CHICAGO - Saturday was an unusually warm and calm October night in the Windy City. With no breeze to push them away, the ghosts of failures past hovered mockingly over

the ivy-covered outfield wall of

Wrigley Field.

In the stands, most of the standing-room-only crowd had stuck around to see high-priced free agent

Alfonso Soriano meekly fly out to end the game,

end the

Cubs' National League

Division Series against the upstart Arizona Diamondbacks, and end the season.

For minutes, they simply stood there, stunned by the Diamondbacks' three-game sweep; agonized by the reality that next year they would enter the 100th season without a World Series championship on the north side of Chicago.

As I was leaving Wrigley Field, a woman in a Cubs jersey came up to me and asked if she could have my media credential. She said she wanted a souvenir

from the series.

Since there wasn't going to

be a Game 4, I gave it to her

and tossed in a copy of the Cubs 2007 postseason guide.

Hey, spreading a bit of sunshine in moments of gloom is just the way I roll.

On the CTA No. 172 bus up

Addison Avenue, a couple of the Cubbies faithful in their early 20s saw the other credential

I had on my lanyard - the one from Games 1 and 2 of the NLDS in Arizona and proclaimed I was a VIP.

I assured them I wasn't, saying that if I were a VIP I wouldn't be riding on a jam-packed bus just to transfer to a jam-packed train.

Thus began our spirited discussion of the failure of the Cubs.

Naturally, it immediately

degenerated to a pity party about the Cubs not having won

a World Series since 1908.

Once again, it was time for me to brighten miserable spirits the way only someone with an understanding of the history of professional sports in Philadelphia, or perhaps Cleveland, can do.

I said, look, I understand that a century is an incredibly long time to wait for anything, but strictly by the numbers, the Cubs actually have two World


The Phillies, by comparison, have won just one World Series in 125 years of existence. I explained the statistical impossibility of that.

I told them that during one 10-year period (1936 to '45), the Phillies had seven 100-loss seasons and that this year they

became the first franchise in the history of American professional sports to lose 10,000 games.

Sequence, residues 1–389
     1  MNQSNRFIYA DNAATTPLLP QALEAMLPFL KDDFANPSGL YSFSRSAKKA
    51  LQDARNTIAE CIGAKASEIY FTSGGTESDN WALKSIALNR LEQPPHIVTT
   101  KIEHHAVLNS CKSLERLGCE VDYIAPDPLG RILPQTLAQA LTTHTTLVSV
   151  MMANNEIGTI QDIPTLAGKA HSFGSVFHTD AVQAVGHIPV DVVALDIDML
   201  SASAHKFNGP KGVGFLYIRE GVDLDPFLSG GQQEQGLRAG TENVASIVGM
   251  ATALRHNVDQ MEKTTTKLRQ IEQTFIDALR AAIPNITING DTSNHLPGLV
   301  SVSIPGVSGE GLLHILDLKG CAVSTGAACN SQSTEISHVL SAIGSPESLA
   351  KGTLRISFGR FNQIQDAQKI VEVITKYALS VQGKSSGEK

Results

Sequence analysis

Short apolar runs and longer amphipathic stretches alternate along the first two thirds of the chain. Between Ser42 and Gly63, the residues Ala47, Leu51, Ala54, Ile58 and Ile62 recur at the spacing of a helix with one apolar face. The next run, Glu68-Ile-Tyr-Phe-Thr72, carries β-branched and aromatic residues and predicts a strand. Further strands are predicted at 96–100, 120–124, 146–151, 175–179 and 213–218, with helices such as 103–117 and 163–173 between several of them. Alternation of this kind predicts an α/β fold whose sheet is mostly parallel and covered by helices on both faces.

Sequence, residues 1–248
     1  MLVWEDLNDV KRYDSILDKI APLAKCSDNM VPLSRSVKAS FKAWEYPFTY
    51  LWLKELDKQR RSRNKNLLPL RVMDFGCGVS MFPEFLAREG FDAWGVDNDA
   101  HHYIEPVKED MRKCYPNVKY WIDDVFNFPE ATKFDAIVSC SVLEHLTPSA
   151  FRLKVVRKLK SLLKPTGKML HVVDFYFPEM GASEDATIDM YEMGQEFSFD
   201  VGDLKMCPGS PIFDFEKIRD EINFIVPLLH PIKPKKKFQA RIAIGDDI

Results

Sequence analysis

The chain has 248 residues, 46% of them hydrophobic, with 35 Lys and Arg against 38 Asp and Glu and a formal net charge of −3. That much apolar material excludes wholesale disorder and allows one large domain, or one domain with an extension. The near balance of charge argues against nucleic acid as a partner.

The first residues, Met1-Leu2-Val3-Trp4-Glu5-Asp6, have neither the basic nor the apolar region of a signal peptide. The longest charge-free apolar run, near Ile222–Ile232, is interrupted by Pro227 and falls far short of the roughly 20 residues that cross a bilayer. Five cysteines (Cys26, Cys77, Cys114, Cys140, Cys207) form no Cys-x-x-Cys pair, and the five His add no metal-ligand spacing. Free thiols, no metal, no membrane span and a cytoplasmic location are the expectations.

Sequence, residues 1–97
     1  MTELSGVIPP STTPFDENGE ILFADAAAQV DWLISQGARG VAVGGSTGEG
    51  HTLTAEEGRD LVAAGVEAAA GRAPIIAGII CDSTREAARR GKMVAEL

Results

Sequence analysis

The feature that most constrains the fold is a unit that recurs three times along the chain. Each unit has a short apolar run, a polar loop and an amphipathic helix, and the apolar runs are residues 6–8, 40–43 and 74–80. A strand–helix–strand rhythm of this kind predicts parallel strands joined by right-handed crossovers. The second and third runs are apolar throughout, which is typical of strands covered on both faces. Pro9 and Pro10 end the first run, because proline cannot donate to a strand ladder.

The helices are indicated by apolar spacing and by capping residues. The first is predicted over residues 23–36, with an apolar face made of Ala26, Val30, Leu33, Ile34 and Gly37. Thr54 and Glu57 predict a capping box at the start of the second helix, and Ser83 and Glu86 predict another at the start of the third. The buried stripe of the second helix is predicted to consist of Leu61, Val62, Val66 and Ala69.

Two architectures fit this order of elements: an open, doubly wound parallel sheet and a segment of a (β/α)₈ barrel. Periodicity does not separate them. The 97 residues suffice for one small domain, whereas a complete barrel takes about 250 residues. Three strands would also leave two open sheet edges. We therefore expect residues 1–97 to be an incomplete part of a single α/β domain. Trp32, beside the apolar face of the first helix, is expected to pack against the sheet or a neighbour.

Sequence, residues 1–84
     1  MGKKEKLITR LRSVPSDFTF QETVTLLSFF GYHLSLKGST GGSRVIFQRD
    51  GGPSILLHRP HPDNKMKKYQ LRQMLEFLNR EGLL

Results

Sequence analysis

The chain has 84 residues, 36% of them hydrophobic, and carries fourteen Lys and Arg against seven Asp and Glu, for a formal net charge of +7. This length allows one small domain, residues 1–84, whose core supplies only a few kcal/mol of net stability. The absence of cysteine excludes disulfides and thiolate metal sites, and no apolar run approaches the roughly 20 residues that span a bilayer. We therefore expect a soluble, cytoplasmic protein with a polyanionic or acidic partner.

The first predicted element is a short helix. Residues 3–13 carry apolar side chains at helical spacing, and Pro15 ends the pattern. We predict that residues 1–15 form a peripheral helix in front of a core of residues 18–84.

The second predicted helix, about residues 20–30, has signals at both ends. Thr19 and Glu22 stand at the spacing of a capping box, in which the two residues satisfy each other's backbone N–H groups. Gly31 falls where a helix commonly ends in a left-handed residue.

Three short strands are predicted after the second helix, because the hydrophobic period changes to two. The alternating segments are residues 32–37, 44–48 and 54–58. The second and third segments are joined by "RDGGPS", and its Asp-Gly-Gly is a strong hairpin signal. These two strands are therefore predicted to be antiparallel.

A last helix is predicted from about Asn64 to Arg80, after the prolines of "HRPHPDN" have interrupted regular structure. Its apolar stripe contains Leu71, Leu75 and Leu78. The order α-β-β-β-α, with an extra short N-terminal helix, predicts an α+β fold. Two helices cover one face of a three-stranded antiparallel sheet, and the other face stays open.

I didn't even bring up the collapse of 1964.

Then I asked one of the guys how old he was, and he said 25.

I flashed a sad smile and informed him that there are fans around his age in Philadelphia who had never seen a professional sports championship parade for any of their hometown teams in their entire lives.

I told him the sad Philadelphia saga of the 1983 Sixers being the last team to win a championship and that collectively, with the Phillies about to be eliminated

in the NLDS by the Colorado Rockies, the city had now gone 93 seasons without a parade.

I said, dude, in that time,

Chicago has gotten six NBA titles from the Bulls, a Super Bowl from the Bears and a World

Series from the White Sox - OK, so bringing up the White Sox' 2005 title to a Cubs fan was a bit cruel, but I was on a roll.

I explained that the Super Bowl didn't exist the last time Philadelphia won an NFL title, and that the Eagles, Flyers,

Phillies and Sixers had won just eight championships in their combined histories. That was just two more than Michael

Jordan personally delivered

to Chicago.

To my surprise, he said he felt a little bit better but just a little bit.

I completed my dissertation

by saying at least his franchise is going to offer him hope, because during the offseason they would address their faults and try to get another step closer to that elusive World Series title.

I said that at least when Lou Piniella proclaimed postgame, "This is just the start, gentlemen. We're going to get better with this . . . We'll regroup.

We made some nice strides this year. We'll do some things over the winter with this team. We'll reconvene next spring and get ready to take this thing further," Cubs fans could believe him.

I said I doubted that Phillies manager Charlie Manuel would make any kind of bold proclamations like that, and even if he did, Phillies fans burned by years of budgeted spending from bean-counting ownership, would know to take it with a grain of salt.

That was just about the time

I reached my stop at Cumberland Station, and I could tell that some of the other Cubs fans on the train were glad to see me

go because my lecture had put a tiny lump of sugar in their bitter cups of misery.

Still, as I drifted off into the darkness, I left one last niblet for them to chew on, "Yes, 100 years is a long time, but everything

is relative - just ask Philadelphia." *

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